Collaboration enables future opportunities for robotic systems

The obvious solution for this deadlock is to massively increase collaboration between ag-robotics developers. This has been proposed for many years, but we are yet to see a viable solution to this. Direct collaboration is currently difficult for commercial reasons with developers competing for the same money, but also for technical reasons where it is challenging to share components between robots. Perhaps a solution for this is to build an ecosystem of adaptable, compatible, components and platforms which can be used to create a multitude of agricultural robotic systems. This ecosystem of components would also be able to be robustly tested to ensure reliability when integrated as part of a larger system. Thus, the costs of development would be increasingly shared, without any single robotics manufacturer losing income as they are all developing for specific agricultural niches. Using a set of well proven components would allow developers to focus on ensuring good understanding and design for specific problems in agriculture, while also allowing for easier integration and testing of the robots.

Robotics in agriculture is a promising field, and with the right design and testing, as well as collaboration between developers, it could be a great success. By understanding the needs and requirements of farmers and using that to create an ecosystem of components and platforms, robots can be developed which are high value, robust, reliable and safe. With the right approach, agricultural robotics could benefit farmers across the UK and worldwide. Read our robotics and automation article to understand more about how we can support you to develop a robust well tested solution through collaborative R&D today.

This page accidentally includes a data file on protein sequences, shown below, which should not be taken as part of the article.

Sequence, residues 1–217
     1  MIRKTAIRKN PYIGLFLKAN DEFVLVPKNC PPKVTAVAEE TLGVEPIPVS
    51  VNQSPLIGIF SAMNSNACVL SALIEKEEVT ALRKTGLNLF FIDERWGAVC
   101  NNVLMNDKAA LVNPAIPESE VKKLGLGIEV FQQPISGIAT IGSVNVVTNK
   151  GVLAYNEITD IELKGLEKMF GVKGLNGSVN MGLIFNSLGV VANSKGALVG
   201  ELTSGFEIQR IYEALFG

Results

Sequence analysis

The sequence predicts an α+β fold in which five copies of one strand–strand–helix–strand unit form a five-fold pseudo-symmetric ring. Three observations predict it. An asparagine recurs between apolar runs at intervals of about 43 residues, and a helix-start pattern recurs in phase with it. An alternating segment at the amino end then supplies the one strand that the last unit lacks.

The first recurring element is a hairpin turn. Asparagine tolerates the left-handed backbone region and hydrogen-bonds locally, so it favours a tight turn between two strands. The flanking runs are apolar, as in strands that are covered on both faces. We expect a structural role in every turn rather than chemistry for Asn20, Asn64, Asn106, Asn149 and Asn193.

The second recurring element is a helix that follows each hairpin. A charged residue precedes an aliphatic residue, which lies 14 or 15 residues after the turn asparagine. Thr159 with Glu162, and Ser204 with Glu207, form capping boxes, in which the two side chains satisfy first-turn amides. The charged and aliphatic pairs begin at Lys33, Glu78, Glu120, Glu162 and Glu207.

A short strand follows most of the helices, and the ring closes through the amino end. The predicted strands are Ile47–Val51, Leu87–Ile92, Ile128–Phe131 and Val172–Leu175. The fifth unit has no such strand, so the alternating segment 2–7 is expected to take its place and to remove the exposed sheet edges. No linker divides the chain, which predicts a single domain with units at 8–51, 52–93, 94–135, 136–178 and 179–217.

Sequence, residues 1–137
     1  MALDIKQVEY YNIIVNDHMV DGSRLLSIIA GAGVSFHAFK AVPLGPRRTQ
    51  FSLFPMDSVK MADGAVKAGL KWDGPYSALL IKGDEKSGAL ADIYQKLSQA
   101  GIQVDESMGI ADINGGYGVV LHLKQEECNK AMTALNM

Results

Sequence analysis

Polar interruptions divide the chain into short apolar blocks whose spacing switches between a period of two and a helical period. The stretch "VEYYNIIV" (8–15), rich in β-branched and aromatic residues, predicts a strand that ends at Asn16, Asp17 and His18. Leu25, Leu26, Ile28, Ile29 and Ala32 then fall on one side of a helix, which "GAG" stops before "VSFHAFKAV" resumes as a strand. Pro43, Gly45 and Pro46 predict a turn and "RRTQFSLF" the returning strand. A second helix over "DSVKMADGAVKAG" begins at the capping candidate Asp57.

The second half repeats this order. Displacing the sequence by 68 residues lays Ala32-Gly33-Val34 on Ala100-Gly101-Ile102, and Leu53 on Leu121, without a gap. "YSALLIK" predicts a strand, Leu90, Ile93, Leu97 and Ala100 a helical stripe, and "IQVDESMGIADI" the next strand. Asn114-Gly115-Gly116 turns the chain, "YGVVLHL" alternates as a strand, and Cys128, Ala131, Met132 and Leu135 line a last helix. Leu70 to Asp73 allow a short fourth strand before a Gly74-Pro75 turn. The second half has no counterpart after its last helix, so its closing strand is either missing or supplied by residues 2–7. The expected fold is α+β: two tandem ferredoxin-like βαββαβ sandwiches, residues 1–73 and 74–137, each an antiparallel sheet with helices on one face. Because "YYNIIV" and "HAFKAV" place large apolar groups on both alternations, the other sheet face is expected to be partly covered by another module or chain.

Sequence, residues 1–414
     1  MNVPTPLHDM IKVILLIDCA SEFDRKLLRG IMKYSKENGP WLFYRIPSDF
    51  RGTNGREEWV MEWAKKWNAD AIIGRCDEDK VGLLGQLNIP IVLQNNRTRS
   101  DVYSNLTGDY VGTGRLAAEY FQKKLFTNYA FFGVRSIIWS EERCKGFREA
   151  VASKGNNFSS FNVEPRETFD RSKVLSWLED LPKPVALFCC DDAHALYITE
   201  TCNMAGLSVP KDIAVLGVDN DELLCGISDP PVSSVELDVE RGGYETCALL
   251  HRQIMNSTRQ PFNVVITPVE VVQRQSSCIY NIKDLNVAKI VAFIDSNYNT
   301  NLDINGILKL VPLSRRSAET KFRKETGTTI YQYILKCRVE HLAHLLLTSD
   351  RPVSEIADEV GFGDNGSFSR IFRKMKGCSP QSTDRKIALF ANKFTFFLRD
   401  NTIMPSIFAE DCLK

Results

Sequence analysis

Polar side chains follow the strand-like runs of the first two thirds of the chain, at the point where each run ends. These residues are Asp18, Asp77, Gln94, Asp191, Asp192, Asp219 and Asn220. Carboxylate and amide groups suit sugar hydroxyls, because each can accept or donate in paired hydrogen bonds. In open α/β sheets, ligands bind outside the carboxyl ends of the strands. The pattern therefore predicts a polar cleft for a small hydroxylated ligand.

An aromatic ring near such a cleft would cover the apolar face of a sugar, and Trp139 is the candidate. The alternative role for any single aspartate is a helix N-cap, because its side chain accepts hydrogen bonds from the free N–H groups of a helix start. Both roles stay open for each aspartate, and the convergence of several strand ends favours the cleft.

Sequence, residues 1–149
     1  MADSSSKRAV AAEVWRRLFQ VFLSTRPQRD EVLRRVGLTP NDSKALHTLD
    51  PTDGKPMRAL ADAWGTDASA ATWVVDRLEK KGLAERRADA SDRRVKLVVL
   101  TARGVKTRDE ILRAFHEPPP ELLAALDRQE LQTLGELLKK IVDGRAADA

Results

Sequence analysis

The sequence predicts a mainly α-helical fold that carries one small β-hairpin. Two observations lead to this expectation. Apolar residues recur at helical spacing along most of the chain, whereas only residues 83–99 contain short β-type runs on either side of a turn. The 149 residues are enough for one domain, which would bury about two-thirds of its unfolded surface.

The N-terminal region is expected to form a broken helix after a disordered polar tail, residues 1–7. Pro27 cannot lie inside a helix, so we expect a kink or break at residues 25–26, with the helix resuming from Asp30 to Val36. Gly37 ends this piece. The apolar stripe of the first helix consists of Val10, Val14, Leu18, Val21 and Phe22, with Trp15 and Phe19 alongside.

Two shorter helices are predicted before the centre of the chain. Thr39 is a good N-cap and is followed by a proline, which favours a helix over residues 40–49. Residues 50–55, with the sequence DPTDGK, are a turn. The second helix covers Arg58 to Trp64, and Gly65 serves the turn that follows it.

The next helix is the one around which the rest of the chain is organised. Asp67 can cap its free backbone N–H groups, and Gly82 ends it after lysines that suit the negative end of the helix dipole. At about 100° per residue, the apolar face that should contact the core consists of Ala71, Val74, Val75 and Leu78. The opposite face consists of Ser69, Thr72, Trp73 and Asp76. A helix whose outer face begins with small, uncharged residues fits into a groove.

Tag Archive for: technology

Midlands Agri-Tech Coffee Hour (MATCH)

Agri-EPI invites you to attend our networking coffee hour including breakfast at the Midlands Agri-Tech Hub on the 7th of June.

Use this opportunity to chat and get to know each other, fostering new connections and opportunities for collaboration within Agri-Tech.

Joining us will be Industrial camera manufacturer IDS Imaging Development Systems- They are offering the chance to see their latest technology and products as well as future developments that could be used in your application.

They will be showing their latest AI image processing platform NXT ocean, the Ensenso 3D cameras and a broad range of industrial OEM cameras and accessories. They are really looking forward to meeting you there and discussing your applications to see how they can help.

This event is open to member and non-members and includes a breakfast roll!

Members free of charge.

Non-members first attendance free, there after £12 per person.